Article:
General Dynamics (NYSE:GD) reported better-than-expected results in its third quarter report that followed a similar theme to that of Northrop Grumman: lower revenue, but higher operating income on stronger margin performance. Revenue dropped 1.7% in General Dynamics' third quarter as a result of significant weakness in its 'Combat Systems' division, but operating earnings advanced 5.7% thanks to a 90 basis point jump in company-wide operating margins. Earnings before income taxes, net earnings, and diluted earnings per share each advanced more than 8%. Cash from operations totaled $467 million in the quarter, and free cash flow came in at $364 million (or about 4.7% of revenue). As with Northrop Grumman, General Dynamics' backlog shrunk:
Total backlog at the end of third-quarter 2013 was $47.9 billion (was $51.5 billion in year-ago period), and the estimated potential contract value was an additional $27.4 billion ($26.1 billion in year-ago period), representing management's estimate of value in unfunded indefinite delivery, indefinite quantity (IDIQ) contracts and unexercised options. Total potential contract value, the sum of all backlog components, was $75.4 billion (was $77.5 billion in year-ago period) at the end of the quarter.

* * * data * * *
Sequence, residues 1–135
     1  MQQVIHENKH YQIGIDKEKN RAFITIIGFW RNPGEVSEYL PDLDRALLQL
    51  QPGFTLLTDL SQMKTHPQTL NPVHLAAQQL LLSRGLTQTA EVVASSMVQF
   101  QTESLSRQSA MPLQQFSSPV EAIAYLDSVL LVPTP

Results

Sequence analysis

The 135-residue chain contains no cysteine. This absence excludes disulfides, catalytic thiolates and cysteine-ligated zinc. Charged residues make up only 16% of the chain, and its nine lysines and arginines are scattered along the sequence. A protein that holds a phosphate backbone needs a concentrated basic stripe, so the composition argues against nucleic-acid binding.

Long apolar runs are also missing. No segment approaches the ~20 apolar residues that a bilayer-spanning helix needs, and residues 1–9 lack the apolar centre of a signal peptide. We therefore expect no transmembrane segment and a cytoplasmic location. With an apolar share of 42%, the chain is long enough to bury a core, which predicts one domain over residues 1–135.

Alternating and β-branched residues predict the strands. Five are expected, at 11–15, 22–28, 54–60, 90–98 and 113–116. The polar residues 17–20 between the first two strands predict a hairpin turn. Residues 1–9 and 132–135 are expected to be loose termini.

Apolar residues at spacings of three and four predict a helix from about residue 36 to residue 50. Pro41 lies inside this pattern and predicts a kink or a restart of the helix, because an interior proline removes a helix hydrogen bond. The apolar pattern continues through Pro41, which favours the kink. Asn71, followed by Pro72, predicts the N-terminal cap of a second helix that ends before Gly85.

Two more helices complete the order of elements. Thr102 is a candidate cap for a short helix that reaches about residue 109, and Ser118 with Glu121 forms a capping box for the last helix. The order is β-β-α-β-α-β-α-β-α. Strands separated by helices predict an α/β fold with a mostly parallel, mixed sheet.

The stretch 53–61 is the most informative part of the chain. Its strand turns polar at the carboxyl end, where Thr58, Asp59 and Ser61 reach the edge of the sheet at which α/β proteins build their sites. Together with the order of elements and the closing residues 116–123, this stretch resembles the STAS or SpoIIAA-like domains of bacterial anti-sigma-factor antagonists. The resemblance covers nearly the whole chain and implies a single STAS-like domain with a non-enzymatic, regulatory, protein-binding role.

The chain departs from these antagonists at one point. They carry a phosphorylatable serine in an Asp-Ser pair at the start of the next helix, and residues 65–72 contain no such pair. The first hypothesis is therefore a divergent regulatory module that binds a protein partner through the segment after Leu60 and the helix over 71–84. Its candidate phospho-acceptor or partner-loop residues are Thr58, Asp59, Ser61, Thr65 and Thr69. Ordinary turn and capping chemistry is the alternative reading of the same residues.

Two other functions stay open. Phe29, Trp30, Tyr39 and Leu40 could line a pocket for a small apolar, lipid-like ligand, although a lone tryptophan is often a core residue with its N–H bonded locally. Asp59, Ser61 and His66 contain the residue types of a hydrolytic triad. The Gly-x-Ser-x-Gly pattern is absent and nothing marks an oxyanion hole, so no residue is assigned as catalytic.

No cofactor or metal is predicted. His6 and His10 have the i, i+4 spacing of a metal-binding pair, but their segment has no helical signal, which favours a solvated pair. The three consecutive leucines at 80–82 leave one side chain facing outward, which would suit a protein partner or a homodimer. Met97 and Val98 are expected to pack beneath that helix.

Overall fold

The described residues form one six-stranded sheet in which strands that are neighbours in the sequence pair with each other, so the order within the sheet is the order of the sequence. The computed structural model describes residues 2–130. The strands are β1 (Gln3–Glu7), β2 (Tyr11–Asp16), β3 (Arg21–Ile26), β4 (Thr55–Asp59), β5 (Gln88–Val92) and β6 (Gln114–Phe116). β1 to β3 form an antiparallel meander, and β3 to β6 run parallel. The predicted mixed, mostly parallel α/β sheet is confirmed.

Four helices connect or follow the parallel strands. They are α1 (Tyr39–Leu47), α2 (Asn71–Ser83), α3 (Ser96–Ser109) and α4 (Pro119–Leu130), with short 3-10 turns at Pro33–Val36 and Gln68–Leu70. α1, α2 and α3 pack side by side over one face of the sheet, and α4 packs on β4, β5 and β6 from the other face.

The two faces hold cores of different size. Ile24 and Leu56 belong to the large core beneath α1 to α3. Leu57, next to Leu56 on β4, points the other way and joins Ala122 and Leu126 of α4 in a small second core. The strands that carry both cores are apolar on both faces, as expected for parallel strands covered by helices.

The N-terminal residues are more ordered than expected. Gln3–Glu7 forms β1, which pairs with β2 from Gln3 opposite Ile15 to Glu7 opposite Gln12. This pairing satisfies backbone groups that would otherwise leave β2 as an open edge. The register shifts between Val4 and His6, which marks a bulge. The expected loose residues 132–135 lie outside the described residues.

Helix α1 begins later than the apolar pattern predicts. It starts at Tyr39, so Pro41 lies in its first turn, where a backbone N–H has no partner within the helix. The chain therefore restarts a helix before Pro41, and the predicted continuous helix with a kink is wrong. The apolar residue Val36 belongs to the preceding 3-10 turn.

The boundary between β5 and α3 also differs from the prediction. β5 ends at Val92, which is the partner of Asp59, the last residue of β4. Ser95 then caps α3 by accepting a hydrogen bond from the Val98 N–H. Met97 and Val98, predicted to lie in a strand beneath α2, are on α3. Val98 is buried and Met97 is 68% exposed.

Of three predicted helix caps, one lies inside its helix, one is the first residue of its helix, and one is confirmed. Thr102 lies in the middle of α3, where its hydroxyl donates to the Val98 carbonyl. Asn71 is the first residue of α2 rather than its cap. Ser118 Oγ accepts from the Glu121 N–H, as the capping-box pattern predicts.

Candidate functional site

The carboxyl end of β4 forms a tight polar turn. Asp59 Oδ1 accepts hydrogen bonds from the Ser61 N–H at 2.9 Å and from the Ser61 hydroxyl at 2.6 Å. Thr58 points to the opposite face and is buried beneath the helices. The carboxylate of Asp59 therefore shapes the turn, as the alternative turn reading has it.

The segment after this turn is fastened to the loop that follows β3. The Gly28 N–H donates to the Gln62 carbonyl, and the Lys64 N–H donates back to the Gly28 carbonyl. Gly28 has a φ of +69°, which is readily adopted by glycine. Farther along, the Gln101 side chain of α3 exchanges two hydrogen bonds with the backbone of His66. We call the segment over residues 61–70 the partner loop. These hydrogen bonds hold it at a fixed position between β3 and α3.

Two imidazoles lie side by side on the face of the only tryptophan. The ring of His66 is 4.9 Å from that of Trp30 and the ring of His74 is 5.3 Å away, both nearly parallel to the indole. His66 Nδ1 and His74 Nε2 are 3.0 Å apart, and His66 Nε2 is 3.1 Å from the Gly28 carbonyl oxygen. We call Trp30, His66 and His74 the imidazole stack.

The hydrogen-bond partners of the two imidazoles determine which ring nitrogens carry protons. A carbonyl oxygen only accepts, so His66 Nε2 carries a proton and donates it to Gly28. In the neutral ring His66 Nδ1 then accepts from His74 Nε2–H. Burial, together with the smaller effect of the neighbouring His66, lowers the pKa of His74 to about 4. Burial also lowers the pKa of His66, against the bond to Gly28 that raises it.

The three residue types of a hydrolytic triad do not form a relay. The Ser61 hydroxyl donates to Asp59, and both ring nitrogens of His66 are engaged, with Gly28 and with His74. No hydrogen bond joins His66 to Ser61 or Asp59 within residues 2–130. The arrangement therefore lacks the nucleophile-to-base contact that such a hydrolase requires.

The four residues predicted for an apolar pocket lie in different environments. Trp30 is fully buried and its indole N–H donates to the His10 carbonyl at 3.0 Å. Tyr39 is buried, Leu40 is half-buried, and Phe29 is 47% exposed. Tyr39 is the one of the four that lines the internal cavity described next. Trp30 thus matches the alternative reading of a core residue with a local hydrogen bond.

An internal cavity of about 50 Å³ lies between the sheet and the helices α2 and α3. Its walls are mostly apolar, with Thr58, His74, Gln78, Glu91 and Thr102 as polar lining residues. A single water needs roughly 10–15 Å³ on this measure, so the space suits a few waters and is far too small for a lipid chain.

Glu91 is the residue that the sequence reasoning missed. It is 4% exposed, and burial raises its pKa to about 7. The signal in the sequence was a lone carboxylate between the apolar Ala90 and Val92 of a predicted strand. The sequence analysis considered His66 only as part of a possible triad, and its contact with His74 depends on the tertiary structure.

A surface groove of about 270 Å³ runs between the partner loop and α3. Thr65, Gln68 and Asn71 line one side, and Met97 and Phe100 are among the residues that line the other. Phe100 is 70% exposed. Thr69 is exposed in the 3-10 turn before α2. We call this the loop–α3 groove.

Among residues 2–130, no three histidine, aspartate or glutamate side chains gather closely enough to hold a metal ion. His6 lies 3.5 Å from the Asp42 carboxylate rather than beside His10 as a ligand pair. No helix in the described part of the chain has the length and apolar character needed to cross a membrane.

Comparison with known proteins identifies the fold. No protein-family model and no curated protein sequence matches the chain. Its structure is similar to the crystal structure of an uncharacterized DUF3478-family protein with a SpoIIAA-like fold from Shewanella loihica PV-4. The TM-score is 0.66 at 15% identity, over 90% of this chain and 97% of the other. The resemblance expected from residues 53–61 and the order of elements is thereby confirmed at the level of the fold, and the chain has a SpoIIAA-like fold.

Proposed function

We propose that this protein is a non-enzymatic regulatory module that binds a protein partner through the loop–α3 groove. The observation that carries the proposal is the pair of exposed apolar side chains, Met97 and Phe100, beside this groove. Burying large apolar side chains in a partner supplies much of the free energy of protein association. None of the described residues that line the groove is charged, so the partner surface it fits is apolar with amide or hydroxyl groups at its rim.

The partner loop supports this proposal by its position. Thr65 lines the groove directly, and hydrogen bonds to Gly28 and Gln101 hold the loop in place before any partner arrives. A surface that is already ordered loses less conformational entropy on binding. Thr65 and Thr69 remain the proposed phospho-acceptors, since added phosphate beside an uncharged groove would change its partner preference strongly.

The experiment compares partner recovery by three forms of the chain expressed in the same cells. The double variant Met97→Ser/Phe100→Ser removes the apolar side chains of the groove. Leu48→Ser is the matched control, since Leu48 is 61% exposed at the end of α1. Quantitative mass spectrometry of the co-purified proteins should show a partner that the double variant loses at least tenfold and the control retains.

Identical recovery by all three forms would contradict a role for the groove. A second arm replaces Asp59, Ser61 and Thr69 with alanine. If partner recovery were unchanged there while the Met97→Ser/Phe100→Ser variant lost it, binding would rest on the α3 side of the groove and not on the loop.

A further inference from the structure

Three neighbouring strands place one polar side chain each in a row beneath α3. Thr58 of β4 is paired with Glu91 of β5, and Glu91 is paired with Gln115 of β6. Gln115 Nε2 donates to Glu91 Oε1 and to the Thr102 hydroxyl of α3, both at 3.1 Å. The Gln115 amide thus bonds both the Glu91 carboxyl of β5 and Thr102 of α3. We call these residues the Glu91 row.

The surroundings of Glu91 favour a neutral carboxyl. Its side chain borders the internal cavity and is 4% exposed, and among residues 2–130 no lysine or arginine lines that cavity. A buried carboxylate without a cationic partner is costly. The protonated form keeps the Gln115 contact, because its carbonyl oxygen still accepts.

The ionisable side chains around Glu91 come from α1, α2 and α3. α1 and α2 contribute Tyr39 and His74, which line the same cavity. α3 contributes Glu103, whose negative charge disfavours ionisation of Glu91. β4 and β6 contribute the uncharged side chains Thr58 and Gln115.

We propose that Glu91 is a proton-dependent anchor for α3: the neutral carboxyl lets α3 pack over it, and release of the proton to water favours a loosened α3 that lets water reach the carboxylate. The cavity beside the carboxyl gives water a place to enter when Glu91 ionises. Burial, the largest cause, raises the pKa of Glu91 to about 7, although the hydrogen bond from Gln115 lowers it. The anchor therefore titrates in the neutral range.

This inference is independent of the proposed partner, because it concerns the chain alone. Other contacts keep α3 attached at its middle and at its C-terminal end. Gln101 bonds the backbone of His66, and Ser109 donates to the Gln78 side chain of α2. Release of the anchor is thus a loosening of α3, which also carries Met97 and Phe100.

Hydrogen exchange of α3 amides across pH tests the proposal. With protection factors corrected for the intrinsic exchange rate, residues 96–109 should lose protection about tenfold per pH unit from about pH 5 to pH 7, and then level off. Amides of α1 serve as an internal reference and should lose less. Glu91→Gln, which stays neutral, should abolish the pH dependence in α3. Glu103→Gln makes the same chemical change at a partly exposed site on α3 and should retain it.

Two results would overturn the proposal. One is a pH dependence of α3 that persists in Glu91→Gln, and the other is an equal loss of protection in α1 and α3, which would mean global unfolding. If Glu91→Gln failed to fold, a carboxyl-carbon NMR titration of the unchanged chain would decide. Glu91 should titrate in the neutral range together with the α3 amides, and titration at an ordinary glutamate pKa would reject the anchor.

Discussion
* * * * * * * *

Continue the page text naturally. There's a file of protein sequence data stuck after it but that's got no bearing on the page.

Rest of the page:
All-in, we liked General Dynamics' margin performance in the quarter, but weakness in its backlog remains a red flag over the intermediate term. We'd also like to see some stabilization in the firm's 'Combat Systems' business, where revenue dropped more than 30% in the quarter.
Image Source: General Dynamics
Lockheed Martin Bucks Backlog Pressure; Measure Still Down from Year-End
Lockheed Martin's (NYSE:LMT) third-quarter results seemed to buck the trend a bit. Sales fell 4% to $11.4 billion and consolidated operating profit expanded modestly during the period, but Lockheed's order strength facilitated an increase in the company's backlog, to $78.7 billion (up from $75.6 billion on a year-over-year basis). However, the measure is still down from the $82.3 billion mark at year-end 2012. We think that the order strength this quarter reflects more the inherent "lumpiness" in defense-related demand, which is evident in the slide below.
Image Source: Lockheed Martin